Building Your Brand – The 5 Stages of Successful Branding
If no one knows you or your product, then you are totally out of the running for their business. Building a first class reputation for your product and getting the word out about it are two essential steps to having a successful business. The right branding can motivate customers into becoming your best salespeople. In this first of five articles you’ll begin to learn about navigating through the five stages of branding.
No matter how wonderful your business or product, without strong branding it is just one in a sea of millions. Branding is all about what sets you apart from your competition and gives consumers a reason to choose you. It is what your customers and prospects think and say about you and your company. It may be very different from your selling message and, if it is, you’ll want to consider that very carefully. You might be missing out on the true big idea or need to correct something that your customers don’t think is working.
The objective of branding is to go from an unknown to someone or something with a great reputation and track record. You want your business to be one that customers praise to everyone with whom they come in contact. It’s not always a simple process but can be done by just about anyone. The big problem is that almost all businesses never get out of stage one, Brand Absence.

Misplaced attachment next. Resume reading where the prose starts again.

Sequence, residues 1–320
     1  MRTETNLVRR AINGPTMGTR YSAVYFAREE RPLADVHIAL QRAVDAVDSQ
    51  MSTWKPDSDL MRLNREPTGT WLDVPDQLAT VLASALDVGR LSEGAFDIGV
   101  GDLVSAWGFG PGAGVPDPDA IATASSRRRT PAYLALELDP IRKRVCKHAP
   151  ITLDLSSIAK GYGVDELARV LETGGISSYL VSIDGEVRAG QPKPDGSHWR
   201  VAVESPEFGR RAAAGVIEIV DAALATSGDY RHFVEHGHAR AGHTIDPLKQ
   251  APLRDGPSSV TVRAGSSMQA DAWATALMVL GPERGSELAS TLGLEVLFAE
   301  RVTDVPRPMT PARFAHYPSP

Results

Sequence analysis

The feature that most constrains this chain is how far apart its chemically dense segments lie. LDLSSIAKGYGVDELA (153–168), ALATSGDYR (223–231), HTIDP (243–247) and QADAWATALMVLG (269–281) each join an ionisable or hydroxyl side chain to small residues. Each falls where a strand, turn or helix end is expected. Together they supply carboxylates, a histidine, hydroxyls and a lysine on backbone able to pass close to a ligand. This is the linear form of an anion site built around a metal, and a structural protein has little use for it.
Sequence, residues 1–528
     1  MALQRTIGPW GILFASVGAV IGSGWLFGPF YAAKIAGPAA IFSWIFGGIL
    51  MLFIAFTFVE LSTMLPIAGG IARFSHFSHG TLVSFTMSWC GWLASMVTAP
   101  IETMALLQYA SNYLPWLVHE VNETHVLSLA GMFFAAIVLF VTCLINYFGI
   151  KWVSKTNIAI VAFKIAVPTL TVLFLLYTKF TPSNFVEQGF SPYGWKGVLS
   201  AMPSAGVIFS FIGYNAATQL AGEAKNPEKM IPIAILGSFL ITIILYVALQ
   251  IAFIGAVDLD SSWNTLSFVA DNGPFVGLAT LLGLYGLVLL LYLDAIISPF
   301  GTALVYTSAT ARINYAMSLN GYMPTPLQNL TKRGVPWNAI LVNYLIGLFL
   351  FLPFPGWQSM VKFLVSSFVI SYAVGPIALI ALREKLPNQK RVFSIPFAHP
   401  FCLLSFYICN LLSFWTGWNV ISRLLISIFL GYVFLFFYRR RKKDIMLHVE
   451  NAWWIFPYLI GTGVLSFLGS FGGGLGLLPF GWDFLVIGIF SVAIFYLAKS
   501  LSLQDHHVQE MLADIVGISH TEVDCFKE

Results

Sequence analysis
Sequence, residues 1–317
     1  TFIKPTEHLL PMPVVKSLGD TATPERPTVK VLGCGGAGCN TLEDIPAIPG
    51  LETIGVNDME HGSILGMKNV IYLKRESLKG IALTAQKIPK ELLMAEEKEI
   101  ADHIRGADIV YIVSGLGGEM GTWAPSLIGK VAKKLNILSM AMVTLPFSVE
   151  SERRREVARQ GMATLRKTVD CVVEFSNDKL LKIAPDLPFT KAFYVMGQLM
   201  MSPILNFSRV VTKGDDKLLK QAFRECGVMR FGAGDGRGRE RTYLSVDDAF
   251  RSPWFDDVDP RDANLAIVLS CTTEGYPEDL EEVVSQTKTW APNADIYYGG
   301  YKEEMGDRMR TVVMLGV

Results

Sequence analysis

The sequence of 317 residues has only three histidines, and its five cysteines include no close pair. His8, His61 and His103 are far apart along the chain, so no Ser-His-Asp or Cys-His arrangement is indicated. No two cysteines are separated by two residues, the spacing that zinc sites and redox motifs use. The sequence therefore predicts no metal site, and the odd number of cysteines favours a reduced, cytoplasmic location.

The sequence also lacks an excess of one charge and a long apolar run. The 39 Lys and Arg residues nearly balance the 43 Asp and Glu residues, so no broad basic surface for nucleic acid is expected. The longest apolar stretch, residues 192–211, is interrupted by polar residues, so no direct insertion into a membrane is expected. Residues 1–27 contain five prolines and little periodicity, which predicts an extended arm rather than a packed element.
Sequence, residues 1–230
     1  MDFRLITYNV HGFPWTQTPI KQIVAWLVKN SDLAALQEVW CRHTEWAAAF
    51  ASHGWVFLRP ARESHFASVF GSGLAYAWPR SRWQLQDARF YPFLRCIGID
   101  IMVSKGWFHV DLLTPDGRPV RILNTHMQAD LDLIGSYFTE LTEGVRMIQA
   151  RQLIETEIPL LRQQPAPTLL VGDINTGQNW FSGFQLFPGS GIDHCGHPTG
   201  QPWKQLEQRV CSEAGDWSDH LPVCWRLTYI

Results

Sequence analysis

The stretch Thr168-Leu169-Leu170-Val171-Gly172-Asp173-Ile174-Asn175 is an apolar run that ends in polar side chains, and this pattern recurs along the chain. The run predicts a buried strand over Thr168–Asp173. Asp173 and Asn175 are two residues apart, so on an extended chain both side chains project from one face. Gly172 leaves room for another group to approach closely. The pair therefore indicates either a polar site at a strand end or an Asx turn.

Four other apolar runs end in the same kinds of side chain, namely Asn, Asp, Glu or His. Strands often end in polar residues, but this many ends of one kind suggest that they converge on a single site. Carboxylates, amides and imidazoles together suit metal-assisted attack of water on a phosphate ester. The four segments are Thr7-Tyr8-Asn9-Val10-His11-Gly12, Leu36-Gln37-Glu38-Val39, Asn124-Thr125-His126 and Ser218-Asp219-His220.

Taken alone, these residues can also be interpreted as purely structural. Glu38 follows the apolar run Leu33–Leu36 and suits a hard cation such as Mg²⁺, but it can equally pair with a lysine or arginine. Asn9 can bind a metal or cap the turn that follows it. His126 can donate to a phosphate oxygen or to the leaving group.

The five stages of brand awareness are:
1. Brand Absence — About 99% of all businesses live at this level. There may be a dozen reasons why customers should choose to work with or buy from one of those 99% but no one knows what they are. Business people who only use their own name as their company name are usually the most disadvantaged in the regard. You could call them the “a” brands — a plumber, a lawyer, etc. Bill Smith Electrician, for example, has no branding whatsoever and is seen as interchangeable with any other electrician.
2. Brand Awareness — This is a step up from absence and a good thing, but it is not going to make your business a money-making superstar. Just knowing that your business exists is not enough motivation to buy from you. For example, you may have heard of Rolls Royce or Mercedes Benz but not buy either of them simply because you don’t know what makes them special.
3. Brand Preference — On a scale of one to ten, brand awareness is a two and brand preference a three. While the customer knows good things about you, that doesn’t mean you’ll always get his business. Let’s use laundry detergent as an example. If a consumer steps into the grocery aisle and your brand is sitting on the shelf, all is well and good. However, if the store is out of stock, the person is likely to buy another brand. At brand preference, you are still not important enough for someone to get back into his car and drive across town to get your product.
4. Brand Insistence — This is the beginning of a beautiful relationship between you and your potential customer. At this stage, people absolutely love your product. Just imagine an iPad or an Apple computer customer buying a PC; it’s just not going to happen.
5. Brand Advocacy — This stage is your home run. Not only do customers insist on having your product, they rave about it to anyone who will listen. They are your best salespeople, free advertising and a testimonial all rolled up in one.